Sales teams can be opinionated.
Think about a company; any company. Imagine its different departments and teams. Now think about the sales team. What are some of the personalities and behaviors that come to mind? Sales teams are often perceived by other departments as having lots to say, and they often have something to gripe about; their new targets, lead quality, product shortcomings, pricing structures; the list goes on and on. That being said, these opinions can be a valuable asset to company strategy.
Sales feedback is business intelligence.
Sales reps are on the front lines talking to prospects, customers, and the market as a whole. They are an often untapped resource for market intelligence. The insights they gather in the field can serve as an early feedback mechanism for strategic changes or new tactics and approaches. Surfacing insights from sellers and disseminating them across the entire company can provide game-changing insights for product, marketing, operations, and other teams. Sales teams can serve as a mechanism to bring an entire company closer to their customers.
Lessons from psychological research.
Creating feedback loops between sales and other departments can backfire when people become defensive. Researchers at Harvard University explored how feedback can succeed or fail at improving communication and performance. One potential reason why it fails is that feedback, even positive feedback, can be perceived as judgemental and can highlight real or perceived power imbalances between different teams and individuals. The researchers then explored different methods of communicating to improve the effectiveness of feedback.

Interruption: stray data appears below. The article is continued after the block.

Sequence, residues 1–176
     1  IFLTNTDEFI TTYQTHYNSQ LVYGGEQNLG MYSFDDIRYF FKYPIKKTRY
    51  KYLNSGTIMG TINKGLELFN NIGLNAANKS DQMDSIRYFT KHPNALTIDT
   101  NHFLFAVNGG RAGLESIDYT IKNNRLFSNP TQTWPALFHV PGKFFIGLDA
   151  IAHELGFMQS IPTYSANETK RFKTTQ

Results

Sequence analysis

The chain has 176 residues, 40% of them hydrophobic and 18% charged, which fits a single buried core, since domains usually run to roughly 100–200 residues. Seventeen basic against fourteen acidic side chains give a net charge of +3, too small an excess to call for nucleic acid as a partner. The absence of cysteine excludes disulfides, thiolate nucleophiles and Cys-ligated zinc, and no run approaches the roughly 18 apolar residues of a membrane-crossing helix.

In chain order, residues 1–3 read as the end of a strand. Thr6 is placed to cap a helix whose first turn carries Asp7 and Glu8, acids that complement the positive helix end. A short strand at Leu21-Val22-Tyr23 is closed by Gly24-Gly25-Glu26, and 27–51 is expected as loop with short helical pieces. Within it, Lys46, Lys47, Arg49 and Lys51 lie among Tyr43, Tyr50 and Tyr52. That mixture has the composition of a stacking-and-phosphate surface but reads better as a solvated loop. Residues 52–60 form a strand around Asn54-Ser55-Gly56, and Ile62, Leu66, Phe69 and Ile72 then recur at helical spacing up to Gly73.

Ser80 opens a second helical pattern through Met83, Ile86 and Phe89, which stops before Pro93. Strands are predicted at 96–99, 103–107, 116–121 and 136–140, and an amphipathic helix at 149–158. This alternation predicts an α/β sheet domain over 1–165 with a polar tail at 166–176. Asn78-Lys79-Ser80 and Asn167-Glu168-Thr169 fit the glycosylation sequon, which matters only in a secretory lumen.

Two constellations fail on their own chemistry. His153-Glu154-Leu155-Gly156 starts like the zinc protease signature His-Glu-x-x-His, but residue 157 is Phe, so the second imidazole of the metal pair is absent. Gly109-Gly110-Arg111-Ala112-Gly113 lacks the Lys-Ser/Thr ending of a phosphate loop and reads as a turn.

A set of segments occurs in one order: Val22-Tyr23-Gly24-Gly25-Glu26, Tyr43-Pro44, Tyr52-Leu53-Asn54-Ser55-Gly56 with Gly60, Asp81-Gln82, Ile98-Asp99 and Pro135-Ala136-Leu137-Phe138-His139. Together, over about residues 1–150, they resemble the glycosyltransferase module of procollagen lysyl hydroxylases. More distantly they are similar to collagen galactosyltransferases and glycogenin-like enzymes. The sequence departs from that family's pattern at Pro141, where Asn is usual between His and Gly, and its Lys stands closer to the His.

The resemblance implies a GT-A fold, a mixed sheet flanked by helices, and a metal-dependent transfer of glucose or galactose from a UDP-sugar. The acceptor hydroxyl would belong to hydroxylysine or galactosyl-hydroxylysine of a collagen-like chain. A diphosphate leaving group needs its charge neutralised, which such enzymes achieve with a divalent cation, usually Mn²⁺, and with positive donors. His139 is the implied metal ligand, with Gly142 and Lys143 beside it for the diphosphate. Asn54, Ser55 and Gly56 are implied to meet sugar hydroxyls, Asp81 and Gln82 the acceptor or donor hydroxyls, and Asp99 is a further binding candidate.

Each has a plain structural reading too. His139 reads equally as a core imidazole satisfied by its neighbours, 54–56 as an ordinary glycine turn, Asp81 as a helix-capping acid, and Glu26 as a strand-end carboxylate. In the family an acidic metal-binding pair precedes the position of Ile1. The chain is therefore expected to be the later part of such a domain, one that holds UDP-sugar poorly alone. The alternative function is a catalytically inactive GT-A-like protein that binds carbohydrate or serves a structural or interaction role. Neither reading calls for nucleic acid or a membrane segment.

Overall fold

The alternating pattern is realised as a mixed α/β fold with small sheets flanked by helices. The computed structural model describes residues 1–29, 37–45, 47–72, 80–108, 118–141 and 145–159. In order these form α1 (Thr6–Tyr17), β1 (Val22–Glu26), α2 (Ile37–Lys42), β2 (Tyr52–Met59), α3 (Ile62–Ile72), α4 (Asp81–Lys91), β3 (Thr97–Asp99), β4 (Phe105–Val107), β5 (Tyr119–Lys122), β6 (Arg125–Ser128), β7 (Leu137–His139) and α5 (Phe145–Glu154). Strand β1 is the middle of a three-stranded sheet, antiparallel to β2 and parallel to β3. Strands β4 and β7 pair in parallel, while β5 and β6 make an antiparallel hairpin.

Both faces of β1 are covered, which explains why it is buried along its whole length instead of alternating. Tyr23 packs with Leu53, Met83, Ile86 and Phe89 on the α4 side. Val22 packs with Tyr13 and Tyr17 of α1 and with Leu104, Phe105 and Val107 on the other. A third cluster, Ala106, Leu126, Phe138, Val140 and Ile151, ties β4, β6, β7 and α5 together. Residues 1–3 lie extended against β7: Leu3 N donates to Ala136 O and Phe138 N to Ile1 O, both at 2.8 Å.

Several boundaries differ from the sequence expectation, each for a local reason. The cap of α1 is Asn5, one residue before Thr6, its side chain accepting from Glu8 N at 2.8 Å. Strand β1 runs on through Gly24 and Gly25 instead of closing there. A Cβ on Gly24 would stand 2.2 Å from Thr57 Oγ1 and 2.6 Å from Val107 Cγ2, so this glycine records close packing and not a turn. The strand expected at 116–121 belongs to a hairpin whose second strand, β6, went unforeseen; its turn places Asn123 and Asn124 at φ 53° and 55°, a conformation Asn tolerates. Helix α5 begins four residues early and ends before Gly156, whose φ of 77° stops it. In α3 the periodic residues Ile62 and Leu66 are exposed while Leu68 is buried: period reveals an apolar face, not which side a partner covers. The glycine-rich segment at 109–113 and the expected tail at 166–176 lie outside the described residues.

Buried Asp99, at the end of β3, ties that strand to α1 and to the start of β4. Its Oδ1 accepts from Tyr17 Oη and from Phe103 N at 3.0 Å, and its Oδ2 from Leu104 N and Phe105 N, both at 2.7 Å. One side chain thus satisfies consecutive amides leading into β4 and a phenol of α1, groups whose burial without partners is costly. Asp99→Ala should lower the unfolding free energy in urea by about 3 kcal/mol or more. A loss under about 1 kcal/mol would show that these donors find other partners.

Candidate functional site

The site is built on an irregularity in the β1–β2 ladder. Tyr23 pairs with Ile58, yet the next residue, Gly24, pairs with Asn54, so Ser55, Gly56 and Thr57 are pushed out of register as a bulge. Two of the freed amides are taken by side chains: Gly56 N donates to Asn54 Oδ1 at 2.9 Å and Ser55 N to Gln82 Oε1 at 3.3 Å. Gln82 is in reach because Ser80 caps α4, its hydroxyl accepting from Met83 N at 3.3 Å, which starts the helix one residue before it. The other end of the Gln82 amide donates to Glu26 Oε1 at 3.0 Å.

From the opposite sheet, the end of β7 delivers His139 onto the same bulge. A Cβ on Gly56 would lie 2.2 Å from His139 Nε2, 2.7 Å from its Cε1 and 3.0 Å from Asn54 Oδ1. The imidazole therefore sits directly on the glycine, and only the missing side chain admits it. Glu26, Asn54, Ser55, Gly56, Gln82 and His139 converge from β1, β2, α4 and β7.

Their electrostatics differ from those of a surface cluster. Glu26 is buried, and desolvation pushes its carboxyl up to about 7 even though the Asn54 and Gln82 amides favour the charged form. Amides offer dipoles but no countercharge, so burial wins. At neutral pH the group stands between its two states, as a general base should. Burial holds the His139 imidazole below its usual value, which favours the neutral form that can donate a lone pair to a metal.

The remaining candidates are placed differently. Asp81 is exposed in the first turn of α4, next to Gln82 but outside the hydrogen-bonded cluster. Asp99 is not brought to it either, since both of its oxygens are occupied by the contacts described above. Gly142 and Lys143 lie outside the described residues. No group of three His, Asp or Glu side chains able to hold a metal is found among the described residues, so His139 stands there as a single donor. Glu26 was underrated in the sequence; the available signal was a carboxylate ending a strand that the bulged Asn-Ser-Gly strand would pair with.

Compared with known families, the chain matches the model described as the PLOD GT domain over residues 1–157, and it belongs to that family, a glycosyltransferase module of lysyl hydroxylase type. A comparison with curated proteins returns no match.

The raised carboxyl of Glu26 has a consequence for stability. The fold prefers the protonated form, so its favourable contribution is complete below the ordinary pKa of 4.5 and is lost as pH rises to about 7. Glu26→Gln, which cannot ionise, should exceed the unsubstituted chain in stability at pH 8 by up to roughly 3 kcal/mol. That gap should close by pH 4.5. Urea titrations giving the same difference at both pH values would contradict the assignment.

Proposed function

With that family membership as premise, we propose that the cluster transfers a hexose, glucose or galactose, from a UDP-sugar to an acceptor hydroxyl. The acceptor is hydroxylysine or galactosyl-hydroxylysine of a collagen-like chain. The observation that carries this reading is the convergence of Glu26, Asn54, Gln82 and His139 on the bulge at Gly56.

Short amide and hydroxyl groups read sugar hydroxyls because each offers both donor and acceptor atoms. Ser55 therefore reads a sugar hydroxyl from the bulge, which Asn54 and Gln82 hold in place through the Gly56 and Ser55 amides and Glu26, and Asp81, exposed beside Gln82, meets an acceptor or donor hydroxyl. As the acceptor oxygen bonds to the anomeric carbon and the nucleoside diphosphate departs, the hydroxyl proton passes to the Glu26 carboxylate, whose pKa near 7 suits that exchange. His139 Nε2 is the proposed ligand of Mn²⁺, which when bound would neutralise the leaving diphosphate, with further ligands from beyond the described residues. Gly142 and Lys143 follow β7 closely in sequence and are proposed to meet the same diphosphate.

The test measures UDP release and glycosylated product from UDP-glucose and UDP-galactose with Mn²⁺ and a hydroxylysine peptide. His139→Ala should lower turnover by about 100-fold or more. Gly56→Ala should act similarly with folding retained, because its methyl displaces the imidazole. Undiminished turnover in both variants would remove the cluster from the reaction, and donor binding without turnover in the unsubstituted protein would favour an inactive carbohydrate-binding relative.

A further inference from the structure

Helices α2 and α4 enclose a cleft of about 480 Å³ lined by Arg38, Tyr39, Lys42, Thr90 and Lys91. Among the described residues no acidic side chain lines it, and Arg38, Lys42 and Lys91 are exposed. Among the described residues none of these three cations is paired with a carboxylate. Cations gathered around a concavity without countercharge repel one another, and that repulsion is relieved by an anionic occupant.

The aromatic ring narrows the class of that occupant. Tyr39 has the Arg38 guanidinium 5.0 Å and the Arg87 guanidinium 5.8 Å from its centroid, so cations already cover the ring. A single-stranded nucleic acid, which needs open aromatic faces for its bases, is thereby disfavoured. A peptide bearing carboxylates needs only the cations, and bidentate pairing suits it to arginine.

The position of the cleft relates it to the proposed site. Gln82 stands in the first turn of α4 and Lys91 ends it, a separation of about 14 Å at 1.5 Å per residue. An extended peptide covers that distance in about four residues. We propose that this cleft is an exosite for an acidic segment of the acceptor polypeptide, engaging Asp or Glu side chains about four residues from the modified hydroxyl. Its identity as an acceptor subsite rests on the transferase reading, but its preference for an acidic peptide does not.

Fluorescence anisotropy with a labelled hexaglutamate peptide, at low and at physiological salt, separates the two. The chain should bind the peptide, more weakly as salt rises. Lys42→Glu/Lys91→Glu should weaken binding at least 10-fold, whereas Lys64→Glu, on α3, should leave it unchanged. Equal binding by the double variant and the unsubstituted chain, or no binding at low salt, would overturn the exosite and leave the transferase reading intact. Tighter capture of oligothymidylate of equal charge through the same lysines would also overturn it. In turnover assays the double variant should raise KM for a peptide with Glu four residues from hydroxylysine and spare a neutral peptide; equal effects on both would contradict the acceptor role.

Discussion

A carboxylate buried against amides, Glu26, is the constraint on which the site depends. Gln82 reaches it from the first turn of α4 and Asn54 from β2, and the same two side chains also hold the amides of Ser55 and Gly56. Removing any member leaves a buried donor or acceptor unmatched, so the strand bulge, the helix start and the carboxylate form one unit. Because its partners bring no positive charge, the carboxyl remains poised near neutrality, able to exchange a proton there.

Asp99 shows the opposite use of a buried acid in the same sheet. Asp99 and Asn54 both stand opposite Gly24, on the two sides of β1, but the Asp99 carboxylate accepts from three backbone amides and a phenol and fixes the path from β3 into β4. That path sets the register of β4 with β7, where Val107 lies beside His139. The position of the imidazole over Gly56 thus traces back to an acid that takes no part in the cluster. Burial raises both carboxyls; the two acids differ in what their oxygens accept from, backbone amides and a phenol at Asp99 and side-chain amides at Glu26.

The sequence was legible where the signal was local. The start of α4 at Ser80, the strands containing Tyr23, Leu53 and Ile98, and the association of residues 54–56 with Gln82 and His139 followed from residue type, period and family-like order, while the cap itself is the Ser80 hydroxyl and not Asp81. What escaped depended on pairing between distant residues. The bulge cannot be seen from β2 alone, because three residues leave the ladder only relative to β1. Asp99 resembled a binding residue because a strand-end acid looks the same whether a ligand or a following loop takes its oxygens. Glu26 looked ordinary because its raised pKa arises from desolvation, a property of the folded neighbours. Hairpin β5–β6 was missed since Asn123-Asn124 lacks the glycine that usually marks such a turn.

Improve feedback loops with high quality listening.
The Harvard researchers found that high quality listening can positively impact emotions and attitudes among all parties involved, leading to more productive feedback sessions. High quality listening was defined as being attentive, empathetic, and non-judgemental. For example, when the researchers randomly distracted some listeners with text messages, the people they were listening to felt more anxious and less likely to want to share their opinions and attitudes.
Another major benefit of high quality listening: the person sharing information develops attitudes that are more complex and less extreme. As those of us on the other side of salespersons can often attest, this is key in developing shared understanding between, for example, a salesperson who might be conveying a high conviction opinion from a prospect, and a product person with deep technical context on what may or may not work in the given situation.
These lab findings were then replicated by the researchers in real-life environments in the technology industry and in local government workplaces. The lessons from these studies seem clear; listen attentively, unlock more insights from your sales team, and make it easier for them to come to a shared understanding with other departments. However, the study identifies common issues which can complicate a seemingly simple set of actions. There is often a perceived sense of loss of power that comes with listening attentively, not to mention the time and effort it requires. It can be difficult to make time for this process in fast paced environments.
Lessons for communicating with your sales team.
High quality listening requires time, attention, and a distraction free environment, at a minimum. Keep in mind that this form of listening goes beyond appearances and surface level communications, to how the listener thinks as the other person speaks. It’s important to listen without judging, evaluating, or imposing solutions. This might be the hardest part; slowing down, being mindful, and focusing on the act of listening - putting aside analysis and rebuttals for later.